measure of the ability of the glomerulus to filter blood creatinine clearance
Equation for creatinine clearance urine creat x urine vol / plasma creat x 1440
correction factor for body mass x 1.73/A
plasma conc of creatinine is ______ to creatinine clearance inversely proportional
Reference Ranges for Creatinine Clearance Male: 97-137 mL/min per 1.73 m2 Female: 88-128 mL/min per 1.73 m2
What is the Jaffe reaction based on principle that creatinine reacts with picrate in an alkaline soln to form an orange-red complex.
Disadvantages of Jaffe nonspecific and subject to positive interference from acetoacetate, acetone, glucose, ascorbate,pyruvate, cephalosporins
Adsorbent for jaffe Fuller's Earth or lloyds reagent
Dry slide method for creatinine coupled enzymatic reaction using creatininase, creatinase, sarcosine oxidase, and peroxidase.
method for creatinine using reagent strip 3,5-dinitrobenzoic acid (DNBA) + creatinine = purple product
Interferences of dry slide method some + due to lidocaine. Not affected by acetoacetate or cephalosporins.
Proposed reference method for creatinine HPLC
Specimen collection for creatinine plasma, serum, or urine. Avoid hemolysis and icterus (esp Jaffe), refrig urine and adjust to pH 7
Major product of purine metabolism uric acid
where is uric acid synthesized and where excreted liver adn kidney
what form is nearly all uric acid in plasma monosodium urate ions
At what conc can urate in plasma form crystals and precipitate? >6.4 mg/dL
Disease states associated with hyperuricemia gout, increased metabolism of cell nuclei(chemotherapy), renal disease, hemolytic/megaloblastic anemia, Lesch-Nyhan syndrome, dietary intake of purines, G6PD def, toxemia of pregnancy and lactic acidosis
Clinical Significance of hypouricemia secondary to liver disease ro defective tubular reabsorption (Fanconi's syndrome), chemo with 6-mercaptopurine or azathioprine. Overtreatment with allopurinol
uric acid is readily oxidized to what in the presence of what allantoin in the presence of uricase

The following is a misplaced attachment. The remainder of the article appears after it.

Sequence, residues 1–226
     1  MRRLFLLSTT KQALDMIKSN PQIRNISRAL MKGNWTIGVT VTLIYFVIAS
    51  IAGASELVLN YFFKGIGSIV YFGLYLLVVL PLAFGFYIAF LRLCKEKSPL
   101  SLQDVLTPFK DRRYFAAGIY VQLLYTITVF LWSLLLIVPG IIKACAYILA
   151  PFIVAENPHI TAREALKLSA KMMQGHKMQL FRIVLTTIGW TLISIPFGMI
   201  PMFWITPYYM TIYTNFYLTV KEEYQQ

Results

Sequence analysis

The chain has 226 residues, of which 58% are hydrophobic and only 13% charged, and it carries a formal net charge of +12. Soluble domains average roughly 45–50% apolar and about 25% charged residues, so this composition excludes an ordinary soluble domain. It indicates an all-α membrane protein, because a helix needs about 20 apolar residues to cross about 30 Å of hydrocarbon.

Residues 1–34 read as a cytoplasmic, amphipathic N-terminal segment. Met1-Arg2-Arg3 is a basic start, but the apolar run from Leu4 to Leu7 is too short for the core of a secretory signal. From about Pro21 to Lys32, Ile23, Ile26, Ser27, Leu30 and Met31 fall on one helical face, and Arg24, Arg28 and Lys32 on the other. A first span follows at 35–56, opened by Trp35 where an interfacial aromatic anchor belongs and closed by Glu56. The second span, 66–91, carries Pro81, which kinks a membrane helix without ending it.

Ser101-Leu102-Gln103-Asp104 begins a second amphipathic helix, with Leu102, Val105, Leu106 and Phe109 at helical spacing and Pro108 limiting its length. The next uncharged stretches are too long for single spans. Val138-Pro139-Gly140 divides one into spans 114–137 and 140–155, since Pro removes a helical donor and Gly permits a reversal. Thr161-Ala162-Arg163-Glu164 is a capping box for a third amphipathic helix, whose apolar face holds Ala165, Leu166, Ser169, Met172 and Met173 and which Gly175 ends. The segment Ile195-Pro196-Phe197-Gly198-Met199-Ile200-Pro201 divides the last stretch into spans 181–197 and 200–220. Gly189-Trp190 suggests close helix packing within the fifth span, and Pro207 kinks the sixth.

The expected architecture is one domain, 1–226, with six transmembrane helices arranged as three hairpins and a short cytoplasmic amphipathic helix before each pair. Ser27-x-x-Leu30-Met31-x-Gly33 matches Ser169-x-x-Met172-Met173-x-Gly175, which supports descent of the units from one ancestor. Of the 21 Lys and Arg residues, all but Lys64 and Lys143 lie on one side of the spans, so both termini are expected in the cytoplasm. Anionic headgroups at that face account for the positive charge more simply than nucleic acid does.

caraway method for urea oxidation of uric acid with subsequent reduction of phosphotungstic acid to tungsten blue at 650-700 nm. Lacks specificity.
what provides alkaline pH for phosphotungstic method sodium carbonate
spectrophotometric method for uric acid using uricase measures decrease in absorbance at 293 nm as uric acid is converted to allantoin by uricase
interferences in simple uricase method proteins reduce sensitivity. Neg interference from hemoglobin and xanthine
Coupled enzymatic reactions for uric acid measure hydrogen peroxide produced as uric acid is converted to allantoin.
What catalyzes the indicator reaction in uric acid coupled reactions peroxidase or catalase
Interference in peroxide coupled reactions bilirubin and ascorbic acid destroy peroxide. minimize with potassium ferricyanide or ascorbate oxidase
Uric Acid Ref Ranges Male: 3.5 - 7.2 mg/dL
Uric Acid Female 2.6 - 6.0 mg/dL
uric acid child 2.0 - 5.5 mg/dL
uric acid 24hr urine 250 - 750 mg/dL
uric acid increase or decrease with age, pregnancy, children, premenopause increase,increase,decrease,decrease
Specimen for uric acid plasma, serum, urine. separate from RBCs ASAP
Falsley increase uric acid salicylates and thiazides
Falsely decrease uric acid hemolysis, icterus
Deamination product of AAs due to work of digestive and bacterial enzymes on proteins in GI Tract Ammonia
Released from skeletal muscle in exercise ammonia
what happens to ammonia in liver consumed by parenchymal cells in production of urea
are plasma ammonia conc dependent on renal function no
what are high levels of ammonia associated with being neurotoxic and associated with encephalopathy
what is ammonia conc useful for monitoring progress of severe clinical conditions
High levels of ammonia seen in liver disease, Reye's syndrome (children treated with asprin for virus), Renal failure, inherited defects in urea cycle
all enzymes in urea cycle are deficient in inherited disorders except for argininosuccinase
ion exchange method for ammonia NH3 adsorbed onto Dowex 50 resin, eluted, and quantitated with Berthelot reagent
ISE method for ammonia measures change in potential as pH of ammonium chloride soln as ammonia diffuses across membrane
Enzymatic method for ammonia GLDH. measures decrease in absorbance at 340 nm as NADPH is reduced to NADP+
Adult ammonia ref range 11-35 umol/L plasma 10-107 mmol N/day
child ammonia range 40 - 80 umol/L (higher than adults)
Specimen for ammonia heparin or EDTA. Place on ice immediately. Centrifuge at 0-4C within 20min and remove plasma. Assay ASAP or freeze at -20C
errors causing increased Plasma ammonia levels smoking,ammonium salts, asparginase, barbituates, diuretics, ethanol, analgesics, hemolysis
errors causing decreased plasma ammonia diphenhydramine, lactobacillus acidophilus, levodopa, antibiotics
what causes reduction of nitrates to nitrites in urine gram negative bacteria
Created by: medtech